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ST. PAUL—Minnesota's governor and legislative leaders often communicate with each other by letter or by talking to the media. But a week before the 2018 session is to begin, Gov. Mark Dayton and leaders from both parties will sit at the same table and answer the same questions.
FARGO — The Better Business Bureau of Minnesota and North Dakota urges fans to use every precaution possible to ensure Super Bowl tickets they buy are legitimate. Minneapolis is hosting Super Bowl LII on Feb. 4, with the New England Patriots and Philadelphia Eagles playing at U.S. Bank Stadium. With demand high and ticket prices for the big game starting around $3,500 before fees, the stakes are raised.
Football fans and the merely curious will watch the Sunday, Feb. 4 Super Bowl from Minneapolis, but most will have no idea that the game is only the best known part of a 10-day festival. Using the theme "Bold North," tourism officials and the National Football League have put together a collection of activities that range from celebrating all things winter to meeting NFL players. Many of the 30-plus events were designed for the Super Bowl, but ones like St. Paul's Winter Carnival were modified to fit with the Super Bowl's schedule.
You can stream the State of the State address by Gov. Doug Burgum from Minot State University at this link beginning at 10 a.m. Following Burgum's address, State Rep. Ron Guggisberg, District 11- Fargo will deliver the Democratic response via Facebook Live here .
Stay up to date on the latest developments as winter weather moves into our area. Tweet your photos, videos and weather updates to include on the blog using the hashtag #MNwx.
ST. PAUL -- Fire deaths have increased 30 percent in Minnesota so far this year to 56, and officials are worried about the historically dangerous holiday season. Last year at this time, there were 42 fire deaths. In 2015, there were 57 deaths, the highest number since 2002 when there were 64. The state’s all-time low figure was 35 in 2009 and the highest was 134 in 1976. The three leading causes of residential fires in Minnesota are all holiday staples: cooking, heating and open flames, although the leading cause of fatal fires in Minnesota is careless smoking.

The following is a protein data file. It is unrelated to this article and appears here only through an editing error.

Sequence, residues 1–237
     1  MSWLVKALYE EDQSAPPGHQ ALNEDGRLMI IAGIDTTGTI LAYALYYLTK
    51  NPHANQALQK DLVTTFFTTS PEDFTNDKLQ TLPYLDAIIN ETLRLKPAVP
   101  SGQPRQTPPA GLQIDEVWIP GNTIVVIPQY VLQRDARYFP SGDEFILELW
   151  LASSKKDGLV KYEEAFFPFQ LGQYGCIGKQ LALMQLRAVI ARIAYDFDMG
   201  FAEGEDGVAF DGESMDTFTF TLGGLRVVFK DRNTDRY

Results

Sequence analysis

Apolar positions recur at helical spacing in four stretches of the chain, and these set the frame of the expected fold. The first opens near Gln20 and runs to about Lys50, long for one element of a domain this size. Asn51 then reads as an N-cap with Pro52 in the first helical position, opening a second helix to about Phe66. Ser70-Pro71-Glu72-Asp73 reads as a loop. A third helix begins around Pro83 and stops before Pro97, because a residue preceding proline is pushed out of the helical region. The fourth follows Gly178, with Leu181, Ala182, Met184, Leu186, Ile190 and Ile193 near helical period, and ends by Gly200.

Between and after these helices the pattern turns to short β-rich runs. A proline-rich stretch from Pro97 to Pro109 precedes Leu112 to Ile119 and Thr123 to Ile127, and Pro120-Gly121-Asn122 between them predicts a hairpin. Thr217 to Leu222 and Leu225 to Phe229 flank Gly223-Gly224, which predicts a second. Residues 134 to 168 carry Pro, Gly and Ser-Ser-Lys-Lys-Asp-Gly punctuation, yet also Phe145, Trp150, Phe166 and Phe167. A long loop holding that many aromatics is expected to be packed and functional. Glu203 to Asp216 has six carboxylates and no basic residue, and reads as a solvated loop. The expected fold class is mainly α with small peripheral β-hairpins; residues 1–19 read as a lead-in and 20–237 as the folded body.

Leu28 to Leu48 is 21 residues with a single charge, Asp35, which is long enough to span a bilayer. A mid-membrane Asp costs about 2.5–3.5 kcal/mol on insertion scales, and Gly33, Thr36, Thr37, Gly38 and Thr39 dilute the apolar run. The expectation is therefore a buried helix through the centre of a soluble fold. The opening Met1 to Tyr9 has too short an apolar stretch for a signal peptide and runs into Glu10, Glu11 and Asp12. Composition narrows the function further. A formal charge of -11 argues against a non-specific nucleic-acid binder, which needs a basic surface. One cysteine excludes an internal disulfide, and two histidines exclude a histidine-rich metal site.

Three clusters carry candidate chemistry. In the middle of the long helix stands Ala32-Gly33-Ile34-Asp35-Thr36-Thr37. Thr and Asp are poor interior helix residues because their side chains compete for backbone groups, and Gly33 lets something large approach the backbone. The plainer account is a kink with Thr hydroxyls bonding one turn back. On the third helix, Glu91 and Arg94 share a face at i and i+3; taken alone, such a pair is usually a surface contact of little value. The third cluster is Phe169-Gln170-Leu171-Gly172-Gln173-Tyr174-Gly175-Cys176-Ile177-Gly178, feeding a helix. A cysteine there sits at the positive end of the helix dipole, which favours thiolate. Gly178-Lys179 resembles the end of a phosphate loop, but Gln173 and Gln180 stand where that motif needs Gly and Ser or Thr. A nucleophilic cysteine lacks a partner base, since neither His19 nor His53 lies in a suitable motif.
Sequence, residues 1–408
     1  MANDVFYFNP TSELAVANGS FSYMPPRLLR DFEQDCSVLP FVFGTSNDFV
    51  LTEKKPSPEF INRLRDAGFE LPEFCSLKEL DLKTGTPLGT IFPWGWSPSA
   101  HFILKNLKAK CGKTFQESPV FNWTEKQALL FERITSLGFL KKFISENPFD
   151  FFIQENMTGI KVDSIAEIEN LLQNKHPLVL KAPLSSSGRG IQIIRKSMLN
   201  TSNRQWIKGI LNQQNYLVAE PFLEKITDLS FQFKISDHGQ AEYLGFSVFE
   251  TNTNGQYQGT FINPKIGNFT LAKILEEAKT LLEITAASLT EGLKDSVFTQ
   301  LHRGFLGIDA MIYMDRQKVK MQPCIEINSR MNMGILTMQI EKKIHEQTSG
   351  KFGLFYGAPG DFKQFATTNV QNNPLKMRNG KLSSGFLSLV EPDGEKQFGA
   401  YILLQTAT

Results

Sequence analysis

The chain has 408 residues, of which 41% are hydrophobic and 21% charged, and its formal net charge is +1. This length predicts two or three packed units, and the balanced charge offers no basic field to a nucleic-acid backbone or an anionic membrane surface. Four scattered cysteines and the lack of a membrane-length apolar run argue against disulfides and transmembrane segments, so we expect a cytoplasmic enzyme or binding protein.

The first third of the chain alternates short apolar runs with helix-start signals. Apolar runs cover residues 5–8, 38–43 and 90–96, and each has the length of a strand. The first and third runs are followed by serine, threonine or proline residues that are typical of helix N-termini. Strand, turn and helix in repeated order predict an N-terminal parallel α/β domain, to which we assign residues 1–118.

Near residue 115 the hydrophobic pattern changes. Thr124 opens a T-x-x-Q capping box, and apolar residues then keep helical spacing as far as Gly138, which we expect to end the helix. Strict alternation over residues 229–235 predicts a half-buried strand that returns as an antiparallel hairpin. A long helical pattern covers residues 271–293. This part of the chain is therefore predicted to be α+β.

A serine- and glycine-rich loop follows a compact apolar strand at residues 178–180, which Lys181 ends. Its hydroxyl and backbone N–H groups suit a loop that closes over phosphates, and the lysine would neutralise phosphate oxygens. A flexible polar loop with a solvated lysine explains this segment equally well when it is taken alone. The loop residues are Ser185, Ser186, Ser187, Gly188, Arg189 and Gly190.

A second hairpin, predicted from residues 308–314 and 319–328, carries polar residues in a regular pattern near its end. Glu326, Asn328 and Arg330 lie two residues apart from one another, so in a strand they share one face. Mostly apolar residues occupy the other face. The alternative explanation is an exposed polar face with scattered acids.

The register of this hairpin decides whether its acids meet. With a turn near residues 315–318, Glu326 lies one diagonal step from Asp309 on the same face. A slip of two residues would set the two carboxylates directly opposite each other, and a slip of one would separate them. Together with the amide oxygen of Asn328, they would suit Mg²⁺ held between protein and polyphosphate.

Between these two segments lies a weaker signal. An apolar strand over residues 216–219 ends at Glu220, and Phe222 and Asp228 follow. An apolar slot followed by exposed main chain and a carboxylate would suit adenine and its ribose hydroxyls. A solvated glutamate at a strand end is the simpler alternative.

WASHINGTON—Minnesota gets a new U.S. senator on Jan. 3. A spokesman for U.S. Sen. Al Franken said on Wednesday, Dec. 20, that the senator will resign on Jan. 2. Minnesota Lt. Gov. Tina Smith is to be sworn in the next day. The announcement puts to rest rumors that Franken will decide to stay in office after announcing two weeks ago that he would resign over sexual misconduct allegations. At the time, he only said he would leave the Senate "in coming weeks." That produced speculation that he may opt to remain in office.
ST. PAUL—The price tag for treating older Minnesotans for chronic diseases is projected to increase by billions over the next 10 years, according to a study released on Monday. Analyzing the state's data on health insurance claims, the Minnesota Department of Health study concludes treating Minnesotans older than 60 for chronic diseases will cost $16.1 billion by 2023, up 65 percent from the $9.8 billion paid in 2014.
U.S. Sen. Al Franken, D-Minn., faces new allegations of sexual assault after two unnamed women have come forward accusing Franken of grabbing their buttocks on separate occasions, the Huffington Post and Star Tribune is reporting.
A Minnesota Senate staff member filed a complaint with the Senate's human resources department on Tuesday charging that state Sen. Dan Schoen, DFL-South St. Paul Park, sent her a photo of a man's genitals in 2015. Ellen Anderson told Minnesota Public Radio that Schoen used Snapchat, a mobile messaging app, to send her the sexually explicit photo. Schoen was a House legislator at that time but was elected to the Minnesota Senate in 2016. Schoen's attorney, Paul Rogesheske, denied that his client sent such a sexual message to Anderson or any other woman.